Baseball
Baseball is a bat-and-ball sport played between two teams of nine players each. The aim is to score runs by hitting a thrown ball with a bat and touching a series of four bases arranged at the corners of a ninety-foot diamond...

; gamblers coined bluff
Bluff (poker)
In the card game of poker, a bluff is a bet or raise made with a hand which is not thought to be the best hand. To bluff is to make such a bet. The objective of a bluff is to induce a fold by at least one opponent who holds a better hand. The size and frequency of a bluff determines its...

, blue chip, ante, bottom dollar, raw deal, pass the buck, ace in the hole, freeze-out, showdown;
miners coined bedrock
Bedrock
In stratigraphy, bedrock is the native consolidated rock underlying the surface of a terrestrial planet, usually the Earth. Above the bedrock is usually an area of broken and weathered unconsolidated rock in the basal subsoil...

, bonanza, peter out, pan out
and the verb prospect from the noun; and railroadmen are to be credited with make the grade, sidetrack, head-on, and the verb railroad. A number of Americanisms describing material innovations remained largely confined to North America: elevator
Elevator
An elevator is a type of vertical transport equipment that efficiently moves people or goods between floors of a building, vessel or other structures...

, ground
Ground (electricity)
In electrical engineering, ground or earth may be the reference point in an electrical circuit from which other voltages are measured, or a common return path for electric current, or a direct physical connection to the Earth....

, gasoline
Gasoline
Gasoline , or petrol , is a toxic, translucent, petroleum-derived liquid that is primarily used as a fuel in internal combustion engines. It consists mostly of organic compounds obtained by the fractional distillation of petroleum, enhanced with a variety of additives. Some gasolines also contain...

;
many automotive terms fall in this category, although many do not (hatchback
Hatchback
A Hatchback is a car body style incorporating a shared passenger and cargo volume, with rearmost accessibility via a rear third or fifth door, typically a top-hinged liftgate—and features such as fold-down rear seats to enable flexibility within the shared passenger/cargo volume. As a two-box...

, SUV, station wagon
Station wagon
A station wagon is a body style variant of a sedan/saloon with its roof extended rearward over a shared passenger/cargo volume with access at the back via a third or fifth door , instead of a trunk lid...

, tailgate
Tailgate
Tailgate is an American English word denoting the door or 'gate' at the back of a wagon, pickup truck, SUV or other similar type of vehicle that is hinged at the bottom and can be opened for the convenience in loading cargo into the rear of the vehicle...

, motorhome
Motorhome
A motorhome is a type of self-propelled recreational vehicle or RV which offers living accommodation combined with a vehicle engine. The term motorhome is most commonly used in the UK, US, and Canada.-Features:...

, truck
Truck
A truck or lorry is a motor vehicle designed to transport cargo. Trucks vary greatly in size, power, and configuration, with the smallest being mechanically similar to an automobile...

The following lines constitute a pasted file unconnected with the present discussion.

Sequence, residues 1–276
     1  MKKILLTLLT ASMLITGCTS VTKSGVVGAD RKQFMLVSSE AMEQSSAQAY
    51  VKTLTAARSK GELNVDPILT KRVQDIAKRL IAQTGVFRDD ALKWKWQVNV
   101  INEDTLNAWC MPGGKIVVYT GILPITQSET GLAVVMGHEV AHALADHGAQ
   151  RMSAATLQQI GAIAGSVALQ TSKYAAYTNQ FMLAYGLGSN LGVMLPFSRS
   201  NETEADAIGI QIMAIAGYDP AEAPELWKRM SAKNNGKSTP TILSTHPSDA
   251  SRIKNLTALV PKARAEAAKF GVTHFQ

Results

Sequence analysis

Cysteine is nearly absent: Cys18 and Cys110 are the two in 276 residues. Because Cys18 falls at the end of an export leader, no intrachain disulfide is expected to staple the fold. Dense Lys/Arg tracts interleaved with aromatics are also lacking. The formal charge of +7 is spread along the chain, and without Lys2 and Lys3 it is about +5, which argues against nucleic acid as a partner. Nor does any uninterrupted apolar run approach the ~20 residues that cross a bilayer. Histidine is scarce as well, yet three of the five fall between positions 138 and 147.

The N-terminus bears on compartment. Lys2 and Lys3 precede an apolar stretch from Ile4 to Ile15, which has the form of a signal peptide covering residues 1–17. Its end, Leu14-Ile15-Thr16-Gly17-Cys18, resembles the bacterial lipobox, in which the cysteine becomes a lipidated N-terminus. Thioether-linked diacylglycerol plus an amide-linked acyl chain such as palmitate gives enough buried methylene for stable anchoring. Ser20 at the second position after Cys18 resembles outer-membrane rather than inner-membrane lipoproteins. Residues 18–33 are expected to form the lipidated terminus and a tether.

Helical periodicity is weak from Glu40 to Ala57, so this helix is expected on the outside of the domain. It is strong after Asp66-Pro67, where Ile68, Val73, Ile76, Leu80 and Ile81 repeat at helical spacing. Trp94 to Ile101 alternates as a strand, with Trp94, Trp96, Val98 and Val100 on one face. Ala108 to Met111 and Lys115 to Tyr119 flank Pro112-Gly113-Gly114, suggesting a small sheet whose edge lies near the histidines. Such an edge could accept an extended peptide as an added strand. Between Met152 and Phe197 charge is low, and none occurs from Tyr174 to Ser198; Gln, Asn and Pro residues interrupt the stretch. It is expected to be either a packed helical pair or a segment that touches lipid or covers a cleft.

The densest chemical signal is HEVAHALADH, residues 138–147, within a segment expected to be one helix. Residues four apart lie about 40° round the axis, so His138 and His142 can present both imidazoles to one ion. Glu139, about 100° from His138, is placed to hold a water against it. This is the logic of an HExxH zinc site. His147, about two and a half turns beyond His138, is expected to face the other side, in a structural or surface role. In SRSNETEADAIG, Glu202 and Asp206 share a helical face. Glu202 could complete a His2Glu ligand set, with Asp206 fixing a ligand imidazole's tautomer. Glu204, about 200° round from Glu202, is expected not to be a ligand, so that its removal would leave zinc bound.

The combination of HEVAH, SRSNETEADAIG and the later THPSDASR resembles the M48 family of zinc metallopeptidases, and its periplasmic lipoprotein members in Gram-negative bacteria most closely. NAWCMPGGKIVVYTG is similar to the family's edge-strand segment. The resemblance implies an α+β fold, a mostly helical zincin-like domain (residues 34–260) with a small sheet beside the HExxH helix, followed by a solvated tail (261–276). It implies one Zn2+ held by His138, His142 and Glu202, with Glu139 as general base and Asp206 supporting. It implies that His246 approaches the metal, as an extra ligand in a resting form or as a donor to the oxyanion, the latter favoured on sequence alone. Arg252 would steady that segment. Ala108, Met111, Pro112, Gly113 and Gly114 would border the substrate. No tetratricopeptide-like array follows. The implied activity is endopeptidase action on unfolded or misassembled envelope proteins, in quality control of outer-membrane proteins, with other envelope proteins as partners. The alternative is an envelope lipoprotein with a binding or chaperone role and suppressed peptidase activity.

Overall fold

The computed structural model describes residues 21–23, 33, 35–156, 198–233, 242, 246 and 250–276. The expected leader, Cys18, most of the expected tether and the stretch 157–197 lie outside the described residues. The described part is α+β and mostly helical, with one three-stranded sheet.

, pickup truck
Pickup truck
A pickup truck is a light motor vehicle with an open-top rear cargo area .-Definition:...

, to exhaust).


In addition to the above-mentioned loans from French, Spanish, Mexican Spanish, Dutch, and Native American languages, other accretions from foreign languages came with 19th and early 20th century immigration; notably, from Yiddish
Yiddish language
Yiddish is a High German language of Ashkenazi Jewish origin, spoken throughout the world. It developed as a fusion of German dialects with Hebrew, Aramaic, Slavic languages and traces of Romance languages...

 (chutzpah
Chutzpah
Chutzpah is the quality of audacity, for good or for bad, but it is generally used negatively. The Yiddish word derives from the Hebrew word , meaning "insolence", "audacity". The modern English usage of the word has taken on a broader meaning, having been popularized through vernacular use in...

, schmooze, tush
and German
German language
German is a West Germanic language, related to and classified alongside English and Dutch. With an estimated 90 – 98 million native speakers, German is one of the world's major languages and is the most widely-spoken first language in the European Union....

hamburger
Hamburger
A hamburger is a sandwich consisting of a cooked patty of ground meat usually placed inside a sliced bread roll...

and culinary terms like frankfurter/franks, liverwurst, sauerkraut, wiener
Hot dog
A hot dog is a sausage served in a sliced bun. It is very often garnished with mustard, ketchup, onions, mayonnaise, relish and/or sauerkraut.-History:...

, deli(catessen)
Delicatessen
Delicatessen is a term meaning "delicacies" or "fine foods". The word entered English via German,with the old German spelling , plural of Delikatesse "delicacy", ultimately from Latin delicatus....

; scram
Scram
A scram or SCRAM is an emergency shutdown of a nuclear reactor – though the term has been extended to cover shutdowns of other complex operations, such as server farms and even large model railroads...

, kindergarten
Kindergarten
A kindergarten is a preschool educational institution for children. The term was created by Friedrich Fröbel for the play and activity institute that he created in 1837 in Bad Blankenburg as a social experience for children for their transition from home to school...